Solid growth and firm policy buffers

 Country Rating B1


  • Robust GDP growth since 2002 and resilience of the economy to the global economic crisis 2008-2009 as well as recent external headwinds
  • Solid monetary and fiscal policies in recent years
  • Continued current account surpluses since 2003
  • Relatively low external debt
  • Ample foreign exchange reserves 
  • Strong remittances inflows


  • History of political turmoil and ongoing security issues threaten political stability
  • History of government ineffectiveness and sluggish structural reforms
  • High dependency on electronics exports and tourism
  • Weak business environment


Economic Overview 

Defying expectations

The economy is performing well despite investor’s worries following Rodrigo Duterte’s election. The Philippines will rank among the top performers in the region in 2017. Strong growth - above +6% - is buoyed by solid domestic demand and an improvement in exports. 


Moderate inflation, robust remittances inflows and solid job creation support a rise in private consumption. Private investment benefits from robust growth in credit and a rise in new orders. Public expenditures growth remains strong albeit at a slower pace due to base effects related to the 2016 election. Exports are improving due to higher demand from major economies. 


In the longer term, GDP growth should remain strong. A weak Philippine Peso and improved global demand will contribute to steady exports performance. Domestic demand growth will remain firm on the back of supportive monetary and fiscal policies. Investment growth will remain the main driver, followed by private consumption. 


Risks relate to domestic political developments. Further controversial statements and actions by President Rodrigo Duterte could hinder investor’s sentiment. At the same time, slower growth in global demand could halt current exports improvement.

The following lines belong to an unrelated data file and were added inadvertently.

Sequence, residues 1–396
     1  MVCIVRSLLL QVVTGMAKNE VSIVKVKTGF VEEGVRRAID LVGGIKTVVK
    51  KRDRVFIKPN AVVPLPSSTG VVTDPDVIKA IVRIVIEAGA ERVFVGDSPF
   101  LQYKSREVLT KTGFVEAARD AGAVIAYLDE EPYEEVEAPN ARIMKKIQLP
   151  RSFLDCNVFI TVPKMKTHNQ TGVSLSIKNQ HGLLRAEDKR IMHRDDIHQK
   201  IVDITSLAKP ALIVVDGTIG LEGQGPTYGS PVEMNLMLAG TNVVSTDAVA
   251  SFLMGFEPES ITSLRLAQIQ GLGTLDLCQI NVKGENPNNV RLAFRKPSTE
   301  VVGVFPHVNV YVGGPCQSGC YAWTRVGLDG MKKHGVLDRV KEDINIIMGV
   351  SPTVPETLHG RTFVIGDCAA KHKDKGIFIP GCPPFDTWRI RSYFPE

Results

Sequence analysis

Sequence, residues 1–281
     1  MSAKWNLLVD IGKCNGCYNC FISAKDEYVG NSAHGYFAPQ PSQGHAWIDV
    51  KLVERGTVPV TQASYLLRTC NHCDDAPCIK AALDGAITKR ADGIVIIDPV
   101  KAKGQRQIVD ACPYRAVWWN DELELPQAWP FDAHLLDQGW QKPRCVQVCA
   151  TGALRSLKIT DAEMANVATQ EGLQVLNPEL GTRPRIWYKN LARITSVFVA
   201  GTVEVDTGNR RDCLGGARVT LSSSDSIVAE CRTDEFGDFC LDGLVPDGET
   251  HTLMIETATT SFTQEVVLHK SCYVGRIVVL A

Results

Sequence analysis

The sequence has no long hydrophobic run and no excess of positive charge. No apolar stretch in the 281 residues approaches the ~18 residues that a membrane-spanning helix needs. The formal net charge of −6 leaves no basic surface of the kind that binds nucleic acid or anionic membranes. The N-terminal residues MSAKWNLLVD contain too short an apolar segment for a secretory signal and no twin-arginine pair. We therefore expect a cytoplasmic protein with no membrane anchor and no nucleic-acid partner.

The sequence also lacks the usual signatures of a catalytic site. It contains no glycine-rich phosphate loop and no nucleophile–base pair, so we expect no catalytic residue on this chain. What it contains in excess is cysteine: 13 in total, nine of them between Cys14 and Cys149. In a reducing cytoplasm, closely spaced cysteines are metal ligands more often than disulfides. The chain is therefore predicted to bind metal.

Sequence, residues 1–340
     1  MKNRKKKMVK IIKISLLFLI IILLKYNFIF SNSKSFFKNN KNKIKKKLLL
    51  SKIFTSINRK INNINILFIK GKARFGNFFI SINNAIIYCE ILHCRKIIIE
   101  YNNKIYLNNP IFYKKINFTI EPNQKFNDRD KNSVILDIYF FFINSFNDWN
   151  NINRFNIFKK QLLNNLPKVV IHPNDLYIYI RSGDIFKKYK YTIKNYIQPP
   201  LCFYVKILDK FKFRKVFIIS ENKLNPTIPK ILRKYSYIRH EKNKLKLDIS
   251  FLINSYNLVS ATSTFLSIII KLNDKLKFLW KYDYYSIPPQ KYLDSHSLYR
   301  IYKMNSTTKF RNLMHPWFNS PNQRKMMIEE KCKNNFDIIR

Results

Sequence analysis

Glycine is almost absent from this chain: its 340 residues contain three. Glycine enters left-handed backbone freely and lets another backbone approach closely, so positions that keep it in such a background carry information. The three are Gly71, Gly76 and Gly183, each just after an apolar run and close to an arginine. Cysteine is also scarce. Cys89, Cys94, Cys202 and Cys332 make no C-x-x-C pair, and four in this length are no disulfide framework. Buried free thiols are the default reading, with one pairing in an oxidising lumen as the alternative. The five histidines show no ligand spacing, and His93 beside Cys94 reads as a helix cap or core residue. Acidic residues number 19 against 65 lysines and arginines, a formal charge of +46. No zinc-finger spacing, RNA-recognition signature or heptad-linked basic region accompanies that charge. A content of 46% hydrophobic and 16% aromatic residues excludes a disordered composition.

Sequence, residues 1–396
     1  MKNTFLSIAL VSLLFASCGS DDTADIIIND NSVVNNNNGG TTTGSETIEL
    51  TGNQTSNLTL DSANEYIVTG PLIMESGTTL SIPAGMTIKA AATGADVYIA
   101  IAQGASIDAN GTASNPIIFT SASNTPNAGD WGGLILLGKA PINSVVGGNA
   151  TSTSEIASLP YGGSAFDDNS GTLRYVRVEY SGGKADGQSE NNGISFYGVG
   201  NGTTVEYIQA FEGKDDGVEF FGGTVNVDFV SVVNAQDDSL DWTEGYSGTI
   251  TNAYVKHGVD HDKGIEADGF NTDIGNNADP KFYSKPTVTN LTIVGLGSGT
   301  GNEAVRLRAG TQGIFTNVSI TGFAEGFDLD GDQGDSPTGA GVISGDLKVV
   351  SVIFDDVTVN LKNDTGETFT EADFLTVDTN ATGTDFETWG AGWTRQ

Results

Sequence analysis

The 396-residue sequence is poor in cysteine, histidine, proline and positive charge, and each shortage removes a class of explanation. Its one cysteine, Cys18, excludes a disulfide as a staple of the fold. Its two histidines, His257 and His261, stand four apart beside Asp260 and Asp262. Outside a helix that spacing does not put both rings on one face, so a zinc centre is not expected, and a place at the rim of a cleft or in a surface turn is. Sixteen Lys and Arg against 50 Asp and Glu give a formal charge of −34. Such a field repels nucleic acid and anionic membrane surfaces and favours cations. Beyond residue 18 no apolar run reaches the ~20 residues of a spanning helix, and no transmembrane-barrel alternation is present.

Solid macroeconomic buffers allow for considerable support

Public finances have improved to a large extent over the past seven years. National government debt has decreased to 42% of GDP in 2016 (down from 54.8% in 2009). It should remain broadly stable over 2017-2018 thanks to solid nominal GDP growth.


Looking ahead, the authorities intend to use available fiscal means to make growth more inclusive with an increase in infrastructure investment and higher social expenditures. The national government deficit ceiling has been increased to -3% GDP (up from -2.0% in the previous administration). 


The monetary policy stance is prudent and supportive. Inflation is under control, in the mid-point of the Central Bank’s target range (3% ± 1pp). Policy rate is at a low level at 3%. Yet, downward pressures on the peso and a double digit rise in credit suggest a more hawkish stance going forward.  


On the external front, the Philippines has enjoyed a structural current account surplus from 2003 to 2016 with strong worker remittances and robust exports of services. 


In the short run, the current account balance is expected to decrease as rising infrastructure investment boosts imports. A gradual improvement is expected going forward with improved prices competiveness and sustained growth in global demand. The external debt is at an acceptable level. Foreign exchange reserves are significant, covering close to 8 months of imports of goods and services. 


Last review: 09/21/2017




    USD 304.9bn
    (World ranking 35, World Bank 2016)


    (World ranking 12, World Bank 2016)

    Form of state


    Head of government

    Rodrigo DUTERTE

    Next elections

    2019, General election

    Last reviewed: 21/09/17


    › All publications about Philippines